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Turbulence in Accelerating Boundary Layers

[+] Author Affiliations
Pranav Joshi, Xiaofeng Liu, Joseph Katz

The Johns Hopkins University, Baltimore, MD

Paper No. AJK2011-25010, pp. 3921-3932; 12 pages
  • ASME-JSME-KSME 2011 Joint Fluids Engineering Conference
  • ASME-JSME-KSME 2011 Joint Fluids Engineering Conference: Volume 1, Symposia – Parts A, B, C, and D
  • Hamamatsu, Japan, July 24–29, 2011
  • Conference Sponsors: Fluids Engineering Division
  • ISBN: 978-0-7918-4440-3
  • Copyright © 2011 by ASME


In this study we focus on the effect of mean flow acceleration on the near wall structures within turbulent boundary layers. 2D PIV measurements in streamwise-wall normal and streamwise-spanwise planes have been performed upstream of and within a sink flow for inlet Reθ of 6326 and 3071, and at constant acceleration parameters of K = 0.6×10−6 and 1.1×10−6 , respectively. Due to the imposed favorable pressure gradient (FPG), the Reynolds stresses normalized by the local freestream velocity decrease over the entire boundary layer. However, when scaled by the inlet freestream velocity, stresses increase close to the wall and decrease in the outer part of the boundary layer. This is caused by the confinement of the structures in the near-wall region in the accelerating flow. The weaker normalized strength of the vortical structures and the substantial negative wall-normal mean velocity in the FPG region are identified as the likely contributors to this trend. Data in the wall parallel planes dissecting the large scale structures shows their signatures in the form of “swirling” patterns and low speed streaks. For the higher Reynolds number flow, the high near-wall ∂U/∂y in the accelerating region decreases the angle of inclination of the large eddies. Consequently, their signature in the x-z plane is weaker and elongated in the streamwise direction. In the FPG region, the small scale structures tend to occur in streamwise aligned groups and almost all of them are observed in the low speed streaks, which are the regions of ejection induced by large eddies. Due to the lower turbulence levels in the outer parts, the high momentum regions, indicating sweep events, contain very few small scale structures. This distinction between the low and high momentum regions is much weaker in the zero pressure gradient (ZPG) area which has high turbulence levels in the outer layer.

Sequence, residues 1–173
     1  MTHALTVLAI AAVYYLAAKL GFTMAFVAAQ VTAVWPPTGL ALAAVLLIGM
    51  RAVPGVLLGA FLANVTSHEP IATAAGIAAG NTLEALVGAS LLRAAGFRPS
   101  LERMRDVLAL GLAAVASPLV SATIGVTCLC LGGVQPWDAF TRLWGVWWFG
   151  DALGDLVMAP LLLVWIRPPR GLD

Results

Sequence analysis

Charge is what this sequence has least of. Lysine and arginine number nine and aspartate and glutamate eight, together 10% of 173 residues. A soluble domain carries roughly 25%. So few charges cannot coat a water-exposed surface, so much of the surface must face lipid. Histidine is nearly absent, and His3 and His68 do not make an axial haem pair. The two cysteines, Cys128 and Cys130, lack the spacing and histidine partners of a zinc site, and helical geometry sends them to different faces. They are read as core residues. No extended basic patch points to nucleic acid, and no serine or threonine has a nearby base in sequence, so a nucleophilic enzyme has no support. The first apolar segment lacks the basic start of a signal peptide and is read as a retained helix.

Copyright © 2011 by ASME



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